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The New Capital Framework Proposals Enhanced Burdens Across the Banking Industry
13 June 2012
On June 7, 2012, the Board of Governors of the Federal Reserve System (the “Board”) voted in favor of a comprehensive set of three capital proposals (collectively, the “Proposals”) ultimately designed to apply, in whole or in part, to all insured banks and thrifts, savings and loan holding companies (“SLHCs”), and bank holding companies (“BHCs”) with consolidated assets over $500 million. On June 12, 2012, the Board, the Federal Deposit Insurance Corporation (the “FDIC”) and the Office of the Comptroller of the Currency (the “OCC”) (collectively, the “Agencies”) jointly published the Proposals, and they soon will be published in the Federal Register with a comment period extending (only) until September 7, 2012. Given the fundamental importance of capital to all activities and investments of a banking organization, the banking industry and their trade groups can reasonably expect to be heavily engaged throughout this process.
In large part, the Proposals implement and seek to harmonize the regulatory capital standards promulgated by the Basel Committee on Banking Supervision (the “BCBS”), an international committee consisting of representatives of central banks and other agencies, in “Basel III: A Global Regulatory Framework for More Resilient Banks and Banking Systems” (“Basel III”), and the requirements of the Dodd-Frank Wall Street Reform and Consumer Protection Act of 2010 (“Dodd-Frank”).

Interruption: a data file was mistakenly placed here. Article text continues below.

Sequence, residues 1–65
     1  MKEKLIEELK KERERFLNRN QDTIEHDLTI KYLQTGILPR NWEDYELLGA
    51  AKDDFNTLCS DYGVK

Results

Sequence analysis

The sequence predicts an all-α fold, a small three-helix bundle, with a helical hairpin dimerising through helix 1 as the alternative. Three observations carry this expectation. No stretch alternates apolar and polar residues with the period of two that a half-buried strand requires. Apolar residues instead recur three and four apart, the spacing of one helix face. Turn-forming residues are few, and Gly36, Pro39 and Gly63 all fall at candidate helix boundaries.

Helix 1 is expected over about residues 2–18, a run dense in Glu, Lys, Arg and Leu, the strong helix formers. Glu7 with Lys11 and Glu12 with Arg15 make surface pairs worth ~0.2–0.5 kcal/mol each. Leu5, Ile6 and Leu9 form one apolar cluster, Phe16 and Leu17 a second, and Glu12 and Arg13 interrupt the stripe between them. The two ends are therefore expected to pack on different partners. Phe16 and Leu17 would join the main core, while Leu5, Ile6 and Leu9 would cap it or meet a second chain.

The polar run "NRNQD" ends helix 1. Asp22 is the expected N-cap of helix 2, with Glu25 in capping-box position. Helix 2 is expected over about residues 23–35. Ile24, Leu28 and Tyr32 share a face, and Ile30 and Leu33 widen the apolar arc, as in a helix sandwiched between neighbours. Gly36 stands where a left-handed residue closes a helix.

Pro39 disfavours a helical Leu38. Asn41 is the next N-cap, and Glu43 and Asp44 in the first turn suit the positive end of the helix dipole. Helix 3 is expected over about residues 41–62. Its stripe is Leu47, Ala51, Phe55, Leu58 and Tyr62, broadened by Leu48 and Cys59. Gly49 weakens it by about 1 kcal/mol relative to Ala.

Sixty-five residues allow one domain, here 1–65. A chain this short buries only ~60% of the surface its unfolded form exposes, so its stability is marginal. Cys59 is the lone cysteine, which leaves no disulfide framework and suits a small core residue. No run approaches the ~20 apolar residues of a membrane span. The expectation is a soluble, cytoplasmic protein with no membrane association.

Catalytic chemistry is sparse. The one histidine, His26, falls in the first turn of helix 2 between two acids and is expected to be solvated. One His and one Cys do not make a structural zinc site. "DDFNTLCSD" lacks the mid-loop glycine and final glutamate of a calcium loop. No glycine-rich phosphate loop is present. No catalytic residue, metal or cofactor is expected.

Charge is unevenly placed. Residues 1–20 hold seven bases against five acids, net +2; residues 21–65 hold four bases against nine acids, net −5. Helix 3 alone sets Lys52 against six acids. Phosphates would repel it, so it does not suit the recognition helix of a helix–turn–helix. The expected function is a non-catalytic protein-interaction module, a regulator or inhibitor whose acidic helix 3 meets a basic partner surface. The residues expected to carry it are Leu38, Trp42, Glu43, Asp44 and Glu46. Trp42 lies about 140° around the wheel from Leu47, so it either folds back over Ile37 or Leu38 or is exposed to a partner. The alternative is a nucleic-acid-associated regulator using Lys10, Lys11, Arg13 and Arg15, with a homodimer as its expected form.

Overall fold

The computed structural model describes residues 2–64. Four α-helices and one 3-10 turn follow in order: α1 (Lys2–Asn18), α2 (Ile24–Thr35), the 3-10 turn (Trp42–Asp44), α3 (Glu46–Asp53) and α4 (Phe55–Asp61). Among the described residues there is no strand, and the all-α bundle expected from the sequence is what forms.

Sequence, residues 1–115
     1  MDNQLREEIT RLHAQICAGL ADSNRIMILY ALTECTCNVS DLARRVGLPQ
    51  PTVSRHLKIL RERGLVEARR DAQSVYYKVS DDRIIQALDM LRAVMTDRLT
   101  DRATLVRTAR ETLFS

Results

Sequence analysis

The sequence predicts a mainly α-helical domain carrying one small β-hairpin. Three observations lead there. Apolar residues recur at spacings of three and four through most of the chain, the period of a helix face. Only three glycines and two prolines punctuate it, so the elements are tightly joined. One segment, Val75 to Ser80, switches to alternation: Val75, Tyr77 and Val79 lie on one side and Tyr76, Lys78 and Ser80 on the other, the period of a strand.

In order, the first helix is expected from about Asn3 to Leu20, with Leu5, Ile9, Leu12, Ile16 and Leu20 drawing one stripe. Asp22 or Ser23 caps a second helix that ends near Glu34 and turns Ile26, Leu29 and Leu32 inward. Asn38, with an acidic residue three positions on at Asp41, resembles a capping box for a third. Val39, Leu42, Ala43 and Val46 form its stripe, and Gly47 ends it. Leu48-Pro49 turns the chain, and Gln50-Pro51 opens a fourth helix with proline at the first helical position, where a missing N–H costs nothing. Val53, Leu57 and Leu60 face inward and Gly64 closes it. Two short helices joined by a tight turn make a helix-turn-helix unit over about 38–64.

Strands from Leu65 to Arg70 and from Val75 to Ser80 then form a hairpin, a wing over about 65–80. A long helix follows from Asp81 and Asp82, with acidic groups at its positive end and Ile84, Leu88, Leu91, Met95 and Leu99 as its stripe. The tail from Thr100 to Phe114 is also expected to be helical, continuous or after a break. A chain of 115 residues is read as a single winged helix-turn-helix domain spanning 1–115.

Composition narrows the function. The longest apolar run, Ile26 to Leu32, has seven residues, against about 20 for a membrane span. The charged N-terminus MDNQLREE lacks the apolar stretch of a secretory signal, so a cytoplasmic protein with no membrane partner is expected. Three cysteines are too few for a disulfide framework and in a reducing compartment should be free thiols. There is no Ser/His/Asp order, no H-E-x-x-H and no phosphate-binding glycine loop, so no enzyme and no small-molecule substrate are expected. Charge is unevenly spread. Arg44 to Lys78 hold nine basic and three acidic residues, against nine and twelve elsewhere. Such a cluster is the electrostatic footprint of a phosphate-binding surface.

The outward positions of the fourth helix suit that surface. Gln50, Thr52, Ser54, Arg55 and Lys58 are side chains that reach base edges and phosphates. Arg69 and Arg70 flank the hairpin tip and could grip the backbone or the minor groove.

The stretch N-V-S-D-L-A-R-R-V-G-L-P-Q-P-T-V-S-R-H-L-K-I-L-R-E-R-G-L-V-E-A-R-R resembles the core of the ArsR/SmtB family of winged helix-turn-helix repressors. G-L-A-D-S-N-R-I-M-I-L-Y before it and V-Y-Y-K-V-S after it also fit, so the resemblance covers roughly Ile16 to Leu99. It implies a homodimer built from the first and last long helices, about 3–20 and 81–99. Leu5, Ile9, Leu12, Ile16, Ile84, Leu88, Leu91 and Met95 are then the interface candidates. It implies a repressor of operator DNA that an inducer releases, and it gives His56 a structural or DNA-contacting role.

The Proposals consist of three components:
“Regulatory Capital Rules: Regulatory Capital, Implementation of Basel III, Minimum Capital Ratios, Capital Adequacy, Transition Provisions, and Prompt Corrective Action” focuses on establishing new risk-based and leverage capital ratios, as well as what constitutes “capital” (i.e., the numerator of the capital ratios), and will be phased in from 2013 through 2019;
“Regulatory Capital Rules: Standardized Approach for Risk-Weighted Assets; Market Discipline and Disclosure Requirements” focuses primarily on the risk-weighting of the assets and activities in which banking organizations engage (i.e., the denominator of the capital ratios, effective on January 1, 2015); and
“Regulatory Capital Rules: Advanced Approaches Risk-based Capital Rule; Market Risk Capital Rule” includes revisions to the advanced approaches risk-based capital rules (Basel II) that apply only to the largest or most internationally active U.S. banking organizations (referred to herein as “advanced approaches institutions”), to bring them in line with Basel III and Dodd-Frank.
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